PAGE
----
I have been aware of this with my own little boy. He has now turned two and seems to be doing fairly well for his age. How do I know this? Through comparisons! I look at other children of a similar age to gauge his development and I monitor his progress by looking at Early Childhood Development resources such as these:
That said, however, I'm still thrown when my Family Day Care Provider mentions that my little one confused sinking and floating when talking about some objects during water play. My logical side tells me: "She is telling me this as it is an area that she has discovered that he is interested in, and that she can work on with him. Besides, sinking and floating is something that will come up continually through both life experience and education. There is no need to be concerned." But my not-so-logical side tells me: "Aaaah! There's something my little boy doesn't already know that has come to his educator's attention. She must think he should know this already! What else have I failed to teach him." RIDICULOUS!
Which brings me back to the title for this post - those tricky conversations. Unfortunately, part of a teacher's responsibility is to inform parents of the areas their child is struggling with, and to provide some suggestions for how to improve. And, whilst we try to do this throughout the year, as the issues come to light, the bulk of this information becomes evident when we collate the assessment results for the term/semester to write reports and allocate grades.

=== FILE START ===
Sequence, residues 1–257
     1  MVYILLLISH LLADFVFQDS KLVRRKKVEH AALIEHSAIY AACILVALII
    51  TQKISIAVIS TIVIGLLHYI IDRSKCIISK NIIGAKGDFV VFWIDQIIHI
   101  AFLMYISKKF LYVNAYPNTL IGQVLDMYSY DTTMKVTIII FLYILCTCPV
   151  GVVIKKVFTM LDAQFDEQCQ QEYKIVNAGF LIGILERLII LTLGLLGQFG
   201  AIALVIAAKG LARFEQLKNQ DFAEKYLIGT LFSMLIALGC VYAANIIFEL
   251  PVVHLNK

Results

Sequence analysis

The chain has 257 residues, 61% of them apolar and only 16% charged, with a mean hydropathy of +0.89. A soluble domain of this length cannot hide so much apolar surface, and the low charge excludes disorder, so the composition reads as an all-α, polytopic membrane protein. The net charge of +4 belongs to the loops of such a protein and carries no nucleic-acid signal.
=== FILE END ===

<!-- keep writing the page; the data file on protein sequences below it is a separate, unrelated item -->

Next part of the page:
At my school, Semester 2 reports go home during the last week of the school year. Given the process, it would be difficult to send them out any earlier. Final assessments are made in the first five weeks of term. Reports are then written and proof-read a number of times before printing and signing by the class teacher and principal. This then allows parents to read through the reports and contact the school about any questions they may have. In order to prevent issues after the reports have been sent out, teachers are encouraged to contact parents in advance so that there are 'no surprises'. This generally translates to: Contact any parent whose child will be receiving a D grade. But this year I also included students who had dropped a grade in two or more subjects. I dread these phone calls.
This year I have worked quite closely with the students receiving D grades, and I know that they have been trying really hard, and also that they have made progress. But then, when I look at the whole year cohort, it is quite clear that they are not all performing at the same level. How do you explain to a parent, that despite their child's best efforts, they still don't understand the concepts well enough? They still struggle to perform at the standard for their grade level. What is worse is that for some of these students, their lag is such that they may be chasing the tail of the rest of the cohort for the whole of their schooling. And then, how do you explain that holding them back a year may not actually be in their best interest either. Parents just want to know the answers. They blame themselves for their child's struggles and just want to make it right. But there are no easy answers. I hate those tricky conversations.